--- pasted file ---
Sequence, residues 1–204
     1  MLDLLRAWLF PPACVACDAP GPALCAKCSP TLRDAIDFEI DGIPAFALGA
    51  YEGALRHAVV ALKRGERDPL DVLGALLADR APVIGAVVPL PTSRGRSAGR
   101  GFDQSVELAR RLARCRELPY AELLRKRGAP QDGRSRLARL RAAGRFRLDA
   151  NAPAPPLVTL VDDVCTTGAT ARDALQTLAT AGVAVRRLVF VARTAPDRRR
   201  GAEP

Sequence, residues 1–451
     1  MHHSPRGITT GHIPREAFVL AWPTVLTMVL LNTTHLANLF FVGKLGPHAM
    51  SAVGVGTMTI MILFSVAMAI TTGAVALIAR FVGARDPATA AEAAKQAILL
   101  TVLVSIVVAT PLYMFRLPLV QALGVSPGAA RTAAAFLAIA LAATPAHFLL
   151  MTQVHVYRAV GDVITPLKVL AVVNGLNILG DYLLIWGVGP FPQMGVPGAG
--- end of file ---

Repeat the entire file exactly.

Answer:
Sequence, residues 1–204
     1  MLDLLRAWLF PPACVACDAP GPALCAKCSP TLRDAIDFEI DGIPAFALGA
    51  YEGALRHAVV ALKRGERDPL DVLGALLADR APVIGAVVPL PTSRGRSAGR
   101  GFDQSVELAR RLARCRELPY AELLRKRGAP QDGRSRLARL RAAGRFRLDA
   151  NAPAPPLVTL VDDVCTTGAT ARDALQTLAT AGVAVRRLVF VARTAPDRRR
   201  GAEP

Sequence, residues 1–451
     1  MHHSPRGITT GHIPREAFVL AWPTVLTMVL LNTTHLANLF FVGKLGPHAM
    51  SAVGVGTMTI MILFSVAMAI TTGAVALIAR FVGARDPATA AEAAKQAILL
   101  TVLVSIVVAT PLYMFRLPLV QALGVSPGAA RTAAAFLAIA LAATPAHFLL
   151  MTQVHVYRAV GDVITPLKVL AVVNGLNILG DYLLIWGVGP FPQMGVPGAG